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Limited Edition: First US stratospheric aerosol injection balloon pieces

Limited Edition: First US stratospheric aerosol injection balloon pieces

You are offsetting the warming effect of 1 ton of carbon dioxide for 1 year!

Own a piece of history and offset the warming effect of ten tons of CO2 for a year. The balloon pictured will be cut up into 99 individual pieces. Each piece sold will come with a certificate of authenticity with a limited edition serial number 1 to 99.

If you order more than one, you get a bigger piece. Buy the whole thing intact and we'll frame it for you. Create an account on Make Sunsets to track the fulfillment of deployments.

Video of the balloon that was used in the first SAI deployment in the US.


Catalog note: The balloon's original weight is 600 grams. It was launched on Sunday, Feb 12, 2023, in Reno, Nevada. It was then recovered the next day near Outingdale, California. Time Magazine was given exclusive access to report on the deployment and you can see photos of the balloon in this article. Here is our blog post about the deployment. There will also be a film documentary later this year or in early 2024 about the deployment. 


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Why others have joined cooling Earth
  • We should obviously be doing solar geoengineering. We are on track to radically reduce emissions in the coming years but thermal damage will lag our course correction so most of our climate pain is still ahead of us. Why risk destabilizing the West Antarctic ice sheet or melting the arctic permafrost or wet bulbing a hundred million people to death? Solar geoengineering can incrementally and reversibly buy down the risk during this knife-edge transition to a better future. We owe future generations to take all practical steps to dodge avoidable catastrophic and lasting damage to our planet.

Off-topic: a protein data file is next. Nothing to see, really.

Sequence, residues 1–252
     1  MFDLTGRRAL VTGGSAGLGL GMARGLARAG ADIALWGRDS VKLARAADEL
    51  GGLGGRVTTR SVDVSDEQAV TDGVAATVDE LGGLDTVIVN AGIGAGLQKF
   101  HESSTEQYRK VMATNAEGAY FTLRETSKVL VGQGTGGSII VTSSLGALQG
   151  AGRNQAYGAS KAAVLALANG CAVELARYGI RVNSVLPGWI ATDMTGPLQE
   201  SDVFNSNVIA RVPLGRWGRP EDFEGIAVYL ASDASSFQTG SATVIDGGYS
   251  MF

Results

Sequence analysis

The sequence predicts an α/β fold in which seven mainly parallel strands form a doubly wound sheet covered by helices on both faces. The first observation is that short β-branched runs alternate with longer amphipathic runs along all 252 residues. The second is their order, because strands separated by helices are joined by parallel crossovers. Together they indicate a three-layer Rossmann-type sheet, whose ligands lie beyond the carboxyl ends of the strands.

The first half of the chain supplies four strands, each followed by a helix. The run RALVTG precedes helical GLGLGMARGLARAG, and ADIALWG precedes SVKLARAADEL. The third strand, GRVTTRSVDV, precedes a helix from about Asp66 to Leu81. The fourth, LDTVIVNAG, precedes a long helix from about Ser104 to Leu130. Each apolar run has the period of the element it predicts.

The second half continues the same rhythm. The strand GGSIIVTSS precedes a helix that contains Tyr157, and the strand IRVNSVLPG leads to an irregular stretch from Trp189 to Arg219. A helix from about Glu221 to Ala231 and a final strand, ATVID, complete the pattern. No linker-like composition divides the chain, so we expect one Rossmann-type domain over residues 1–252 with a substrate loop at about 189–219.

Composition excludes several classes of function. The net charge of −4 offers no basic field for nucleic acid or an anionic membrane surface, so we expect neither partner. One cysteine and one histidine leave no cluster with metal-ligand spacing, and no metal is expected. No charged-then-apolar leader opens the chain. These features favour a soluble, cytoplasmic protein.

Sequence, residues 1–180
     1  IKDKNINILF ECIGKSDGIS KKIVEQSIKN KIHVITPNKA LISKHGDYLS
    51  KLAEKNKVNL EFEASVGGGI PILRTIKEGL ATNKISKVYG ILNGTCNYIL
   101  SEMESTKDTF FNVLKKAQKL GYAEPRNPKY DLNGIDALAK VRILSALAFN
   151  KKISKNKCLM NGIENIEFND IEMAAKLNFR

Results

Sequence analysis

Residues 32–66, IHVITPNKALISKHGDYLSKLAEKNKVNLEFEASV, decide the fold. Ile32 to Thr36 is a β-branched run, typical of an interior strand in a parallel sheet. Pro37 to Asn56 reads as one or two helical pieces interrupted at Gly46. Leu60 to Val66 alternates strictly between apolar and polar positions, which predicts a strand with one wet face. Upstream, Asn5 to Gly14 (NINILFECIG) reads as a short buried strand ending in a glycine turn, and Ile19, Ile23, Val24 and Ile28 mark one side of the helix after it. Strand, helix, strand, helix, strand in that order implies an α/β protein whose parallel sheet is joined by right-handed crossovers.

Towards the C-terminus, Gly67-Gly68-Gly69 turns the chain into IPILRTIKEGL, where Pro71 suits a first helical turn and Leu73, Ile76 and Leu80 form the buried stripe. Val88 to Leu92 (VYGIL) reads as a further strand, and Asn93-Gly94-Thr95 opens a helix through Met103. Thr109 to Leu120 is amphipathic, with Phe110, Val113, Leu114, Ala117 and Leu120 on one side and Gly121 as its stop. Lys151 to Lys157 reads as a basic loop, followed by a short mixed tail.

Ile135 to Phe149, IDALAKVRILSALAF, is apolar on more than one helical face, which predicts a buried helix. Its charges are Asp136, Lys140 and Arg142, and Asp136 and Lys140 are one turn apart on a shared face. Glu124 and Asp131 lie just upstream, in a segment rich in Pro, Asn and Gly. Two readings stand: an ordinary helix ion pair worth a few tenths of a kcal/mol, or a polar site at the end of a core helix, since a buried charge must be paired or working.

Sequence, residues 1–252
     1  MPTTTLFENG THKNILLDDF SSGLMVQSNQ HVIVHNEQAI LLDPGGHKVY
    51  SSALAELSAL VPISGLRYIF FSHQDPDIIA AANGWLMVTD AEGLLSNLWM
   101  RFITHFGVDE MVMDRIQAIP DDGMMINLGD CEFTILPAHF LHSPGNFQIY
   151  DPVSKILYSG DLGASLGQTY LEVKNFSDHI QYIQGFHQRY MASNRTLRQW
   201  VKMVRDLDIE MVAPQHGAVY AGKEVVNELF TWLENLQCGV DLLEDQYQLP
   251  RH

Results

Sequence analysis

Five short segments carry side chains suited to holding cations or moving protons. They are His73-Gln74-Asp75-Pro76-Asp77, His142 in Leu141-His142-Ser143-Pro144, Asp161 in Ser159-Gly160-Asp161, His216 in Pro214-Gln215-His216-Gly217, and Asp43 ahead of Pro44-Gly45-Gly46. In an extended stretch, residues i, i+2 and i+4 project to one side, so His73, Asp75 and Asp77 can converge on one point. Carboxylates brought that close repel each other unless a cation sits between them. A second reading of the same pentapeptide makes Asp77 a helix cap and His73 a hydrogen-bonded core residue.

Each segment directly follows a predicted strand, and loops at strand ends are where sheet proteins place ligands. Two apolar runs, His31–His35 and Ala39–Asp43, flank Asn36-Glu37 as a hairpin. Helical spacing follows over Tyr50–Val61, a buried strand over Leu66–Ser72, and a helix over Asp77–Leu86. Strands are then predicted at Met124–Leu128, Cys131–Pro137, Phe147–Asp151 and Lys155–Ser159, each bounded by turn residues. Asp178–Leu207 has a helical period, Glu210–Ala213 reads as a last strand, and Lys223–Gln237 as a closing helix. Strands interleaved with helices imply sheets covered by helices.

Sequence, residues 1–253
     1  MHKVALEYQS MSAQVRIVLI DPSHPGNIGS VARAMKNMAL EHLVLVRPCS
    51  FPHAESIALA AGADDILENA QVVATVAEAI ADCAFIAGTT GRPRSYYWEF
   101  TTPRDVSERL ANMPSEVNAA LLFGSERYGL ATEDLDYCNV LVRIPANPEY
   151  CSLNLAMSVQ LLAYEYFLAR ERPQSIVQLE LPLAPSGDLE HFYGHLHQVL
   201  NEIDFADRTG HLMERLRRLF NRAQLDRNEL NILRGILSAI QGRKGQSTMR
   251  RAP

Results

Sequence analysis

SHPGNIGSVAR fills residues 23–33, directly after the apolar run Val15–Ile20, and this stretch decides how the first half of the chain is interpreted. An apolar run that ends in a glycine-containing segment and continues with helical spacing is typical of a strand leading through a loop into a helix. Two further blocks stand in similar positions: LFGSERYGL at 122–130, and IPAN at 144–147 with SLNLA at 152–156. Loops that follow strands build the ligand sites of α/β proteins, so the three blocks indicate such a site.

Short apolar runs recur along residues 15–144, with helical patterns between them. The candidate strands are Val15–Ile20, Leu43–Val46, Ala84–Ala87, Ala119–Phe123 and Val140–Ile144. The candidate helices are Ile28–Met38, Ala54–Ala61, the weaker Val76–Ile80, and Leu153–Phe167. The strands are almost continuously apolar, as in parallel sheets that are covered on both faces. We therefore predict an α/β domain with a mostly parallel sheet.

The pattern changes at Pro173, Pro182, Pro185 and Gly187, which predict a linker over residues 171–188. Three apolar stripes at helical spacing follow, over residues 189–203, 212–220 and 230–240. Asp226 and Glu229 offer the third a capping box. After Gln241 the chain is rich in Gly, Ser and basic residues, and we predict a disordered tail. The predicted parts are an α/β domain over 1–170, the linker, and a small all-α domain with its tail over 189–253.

Casey Handmer, PhD from Caltech
  • It’s a small way I can help with a seemly very large problem! For what it’s worth, $200 offset 20 tons of CO2 is a great win!

    Brian Vallelunga, CEO of Doppler
  • At some point, you learn about reflective particles as a potential cooling method. The next question would be: 'Is anyone doing this now?' This led to the discovery of Make Sunsets, a team that not only explores solar radiation management techniques but also works to implement them. It's incredibly reassuring to see a group like Make Sunsets pushing the boundaries of scientific research, aiming to create a cooler, more sustainable future for everyone.

    Kevin S. Thompson, Austin, Texas